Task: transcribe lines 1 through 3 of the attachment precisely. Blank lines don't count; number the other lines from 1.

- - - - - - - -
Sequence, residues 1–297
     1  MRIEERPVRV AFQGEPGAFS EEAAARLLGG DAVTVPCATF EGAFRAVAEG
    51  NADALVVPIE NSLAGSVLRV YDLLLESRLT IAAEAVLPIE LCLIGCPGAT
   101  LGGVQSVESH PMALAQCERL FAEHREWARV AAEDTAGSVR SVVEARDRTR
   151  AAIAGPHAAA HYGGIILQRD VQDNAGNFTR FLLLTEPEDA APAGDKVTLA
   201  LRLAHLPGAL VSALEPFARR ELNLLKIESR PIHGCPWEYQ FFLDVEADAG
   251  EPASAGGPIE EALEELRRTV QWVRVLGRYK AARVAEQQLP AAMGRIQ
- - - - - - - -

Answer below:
Sequence, residues 1–297
     1  MRIEERPVRV AFQGEPGAFS EEAAARLLGG DAVTVPCATF EGAFRAVAEG
    51  NADALVVPIE NSLAGSVLRV YDLLLESRLT IAAEAVLPIE LCLIGCPGAT